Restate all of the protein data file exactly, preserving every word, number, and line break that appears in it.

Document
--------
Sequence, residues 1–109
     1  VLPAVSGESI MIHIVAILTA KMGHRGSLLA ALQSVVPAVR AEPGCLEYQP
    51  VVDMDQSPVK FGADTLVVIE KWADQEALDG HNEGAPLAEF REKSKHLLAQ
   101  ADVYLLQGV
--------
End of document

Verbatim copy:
Sequence, residues 1–109
     1  VLPAVSGESI MIHIVAILTA KMGHRGSLLA ALQSVVPAVR AEPGCLEYQP
    51  VVDMDQSPVK FGADTLVVIE KWADQEALDG HNEGAPLAEF REKSKHLLAQ
   101  ADVYLLQGV